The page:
September 15, 2022 update: Due to fall migration starting, the Sanctuary will stop corn sales to do our part to keep our birds safe. Avian influenza never left the state of Michigan. Bird movement lessens during the nesting season. Now that migration has begun, cases are being reported again and it will spread. If you have backyard birds, make sure to practice good biosecurity to keep your flock safe.
June 15, 2022 update: As of June 14, 2022 it has been 30 days since a case of HPAI has been reported in Michigan. The Sanctuary will resume corn sales and feeding of wild birds.
Originally published on May 3, 2022
Highly pathogenic avian influenza (HPAI) has been detected in our area and is spreading during this migration season. You can see the
current distribution on this map. HPAI strains occur naturally among all wild birds. Waterfowl, shorebirds, raptors, and scavenger bird species are the most susceptible to the disease. HPAI is very contagious among birds and can be easily spread to domestic chickens, ducks, and turkeys. Any bird species can become infected and some can appear healthy while they carry and spread the virus. On very rare occasions, HPAI can also be transmitted to humans.
Ways that HPAI is transmitted:
- Nasal secretions
- Surfaces that have any of the above
Ways you can limit transmission in your flock:
- Eliminate all contact between your domestic flock and the wild birds around them by securing indoor and outdoor spaces
- Wash your hands both before and after handling birds
- Disinfect shoes after leaving the coop/pen
- Clean/Disinfect equipment like rakes or shovels after use, or discard if equipment cannot be cleaned
- If you have multiple flocks, it is extremely important to take the sanitary steps between groups of birds
- Use municipal or well water for your flocks drinking water
- Secure birds’ food from any contact with wild birds or rodents
Symptoms of HPAI in birds:
- Sudden death without clinical signs
- Lack of energy and appetite
- Nasal discharge, coughing, and sneezing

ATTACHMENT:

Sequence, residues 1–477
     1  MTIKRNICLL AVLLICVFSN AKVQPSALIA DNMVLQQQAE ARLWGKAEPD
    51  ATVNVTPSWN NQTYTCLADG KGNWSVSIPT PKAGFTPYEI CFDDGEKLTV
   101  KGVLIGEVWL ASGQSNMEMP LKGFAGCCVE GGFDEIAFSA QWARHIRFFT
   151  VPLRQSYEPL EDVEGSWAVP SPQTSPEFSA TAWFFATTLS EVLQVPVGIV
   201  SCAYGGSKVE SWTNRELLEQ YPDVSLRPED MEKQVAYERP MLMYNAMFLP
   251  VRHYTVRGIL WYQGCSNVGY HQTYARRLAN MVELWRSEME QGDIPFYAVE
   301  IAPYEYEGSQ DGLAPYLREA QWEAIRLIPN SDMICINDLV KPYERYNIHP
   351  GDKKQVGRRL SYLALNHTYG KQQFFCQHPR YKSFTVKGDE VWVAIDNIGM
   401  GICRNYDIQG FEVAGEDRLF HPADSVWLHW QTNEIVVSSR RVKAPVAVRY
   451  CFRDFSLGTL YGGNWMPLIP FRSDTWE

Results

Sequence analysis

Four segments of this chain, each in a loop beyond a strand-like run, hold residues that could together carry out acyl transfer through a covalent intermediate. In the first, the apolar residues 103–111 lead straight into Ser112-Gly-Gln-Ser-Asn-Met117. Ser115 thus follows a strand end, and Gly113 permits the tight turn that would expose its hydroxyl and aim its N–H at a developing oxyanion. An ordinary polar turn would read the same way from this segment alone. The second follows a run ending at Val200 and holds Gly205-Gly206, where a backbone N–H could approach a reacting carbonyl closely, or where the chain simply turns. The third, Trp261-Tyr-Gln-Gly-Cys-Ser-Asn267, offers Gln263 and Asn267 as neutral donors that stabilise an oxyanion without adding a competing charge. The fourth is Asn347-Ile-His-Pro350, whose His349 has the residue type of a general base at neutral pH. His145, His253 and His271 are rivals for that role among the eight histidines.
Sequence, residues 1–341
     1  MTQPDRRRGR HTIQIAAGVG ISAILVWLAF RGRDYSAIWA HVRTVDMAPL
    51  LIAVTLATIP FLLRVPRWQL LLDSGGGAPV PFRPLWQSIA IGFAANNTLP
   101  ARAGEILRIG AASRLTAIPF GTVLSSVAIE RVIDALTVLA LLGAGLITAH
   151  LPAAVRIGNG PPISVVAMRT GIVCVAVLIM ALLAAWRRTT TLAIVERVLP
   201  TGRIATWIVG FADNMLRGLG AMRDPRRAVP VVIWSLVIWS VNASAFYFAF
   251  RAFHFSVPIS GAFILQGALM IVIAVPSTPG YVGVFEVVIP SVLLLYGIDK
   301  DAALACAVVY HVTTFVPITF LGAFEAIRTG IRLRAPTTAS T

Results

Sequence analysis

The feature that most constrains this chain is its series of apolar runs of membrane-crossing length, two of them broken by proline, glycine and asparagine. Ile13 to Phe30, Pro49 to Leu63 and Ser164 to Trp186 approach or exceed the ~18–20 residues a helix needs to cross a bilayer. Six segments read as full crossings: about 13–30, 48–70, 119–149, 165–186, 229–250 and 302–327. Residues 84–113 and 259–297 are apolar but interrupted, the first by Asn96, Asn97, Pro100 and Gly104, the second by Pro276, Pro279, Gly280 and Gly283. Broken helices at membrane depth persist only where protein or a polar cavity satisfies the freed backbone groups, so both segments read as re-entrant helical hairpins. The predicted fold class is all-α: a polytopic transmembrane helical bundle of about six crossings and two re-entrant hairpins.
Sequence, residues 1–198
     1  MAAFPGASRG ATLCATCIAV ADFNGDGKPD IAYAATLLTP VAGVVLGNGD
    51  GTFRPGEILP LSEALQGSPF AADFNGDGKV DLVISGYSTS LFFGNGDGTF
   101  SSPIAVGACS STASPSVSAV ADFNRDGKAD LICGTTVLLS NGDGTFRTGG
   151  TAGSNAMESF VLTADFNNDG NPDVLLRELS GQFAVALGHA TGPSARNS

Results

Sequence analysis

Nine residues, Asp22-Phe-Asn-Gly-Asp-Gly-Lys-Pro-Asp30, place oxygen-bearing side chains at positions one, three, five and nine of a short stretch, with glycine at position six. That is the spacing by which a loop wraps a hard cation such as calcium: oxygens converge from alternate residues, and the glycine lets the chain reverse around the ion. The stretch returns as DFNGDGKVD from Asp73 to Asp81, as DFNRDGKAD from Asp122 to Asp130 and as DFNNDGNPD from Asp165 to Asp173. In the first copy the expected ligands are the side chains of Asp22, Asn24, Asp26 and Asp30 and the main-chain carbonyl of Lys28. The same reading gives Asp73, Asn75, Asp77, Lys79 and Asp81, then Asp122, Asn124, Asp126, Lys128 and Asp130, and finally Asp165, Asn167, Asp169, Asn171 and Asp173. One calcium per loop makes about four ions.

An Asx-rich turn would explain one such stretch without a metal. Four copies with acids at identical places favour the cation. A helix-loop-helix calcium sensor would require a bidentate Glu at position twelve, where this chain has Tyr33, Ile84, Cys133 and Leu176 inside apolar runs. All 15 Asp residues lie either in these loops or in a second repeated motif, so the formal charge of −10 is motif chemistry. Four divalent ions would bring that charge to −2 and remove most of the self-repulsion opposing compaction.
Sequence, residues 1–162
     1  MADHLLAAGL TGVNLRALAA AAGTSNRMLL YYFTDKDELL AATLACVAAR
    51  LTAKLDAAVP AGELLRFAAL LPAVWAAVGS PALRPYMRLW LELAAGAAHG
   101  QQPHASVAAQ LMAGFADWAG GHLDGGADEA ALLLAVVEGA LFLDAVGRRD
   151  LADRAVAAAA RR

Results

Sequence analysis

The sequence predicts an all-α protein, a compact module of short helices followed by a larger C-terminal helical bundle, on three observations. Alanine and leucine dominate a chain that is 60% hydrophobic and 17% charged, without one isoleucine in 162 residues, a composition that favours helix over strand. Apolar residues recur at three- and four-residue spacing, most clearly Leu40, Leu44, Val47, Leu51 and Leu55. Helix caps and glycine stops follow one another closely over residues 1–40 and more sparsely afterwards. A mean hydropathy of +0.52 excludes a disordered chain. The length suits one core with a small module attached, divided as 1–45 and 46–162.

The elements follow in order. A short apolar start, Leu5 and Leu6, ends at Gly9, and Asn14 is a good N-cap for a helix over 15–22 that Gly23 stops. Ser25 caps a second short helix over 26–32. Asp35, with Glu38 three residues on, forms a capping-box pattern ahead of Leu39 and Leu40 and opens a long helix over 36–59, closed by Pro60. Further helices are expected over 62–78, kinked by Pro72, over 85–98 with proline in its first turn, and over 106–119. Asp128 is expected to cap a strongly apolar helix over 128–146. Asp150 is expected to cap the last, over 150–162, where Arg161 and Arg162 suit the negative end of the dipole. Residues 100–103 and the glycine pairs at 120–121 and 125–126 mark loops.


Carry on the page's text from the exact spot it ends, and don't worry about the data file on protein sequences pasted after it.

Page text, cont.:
- Swelling or discoloration of extremities
- Decreased egg production or misshapen eggs
If you suspect avian influenza, who to contact:
Domestic flocks: Contact MDARD at 800-292-3939 or 517-373-0440.
Wild birds: If you notice the death of three or more free-ranging birds report it to the DNR through the Eyes in the Field reporting tool or by calling the Wildlife Disease Lab at 517-336-5030
Guidance on Bird Feeders during HPAI Outbreak:
The risk of an outbreak in wild songbirds is very low. All birds do have the potential of avian influenza infection. Our state agencies are advising caution, but not declaring any type of action.
It is highly recommended to take down your feeders if you:
- Have backyard birds like chickens, ducks, or turkeys
- Have any of the more susceptible wild bird species at your feeders like waterfowl, shorebirds, raptors, and scavengers
If you keep your feeders up, it is even more important that you clean and sanitize your feeders at least once a week.
What is the Sanctuary doing?
Here are the actions that the Kellogg Bird Sanctuary has taken to prevent the spread:
- Stopped the sale of corn for visitors to feed the waterfowl until further notice
- Placed sanitizing stations for hands and bottoms of shoes along our path for our visitors
- Increased biosecurity between our groups of raptors, waterfowl and gamebirds during our daily bird care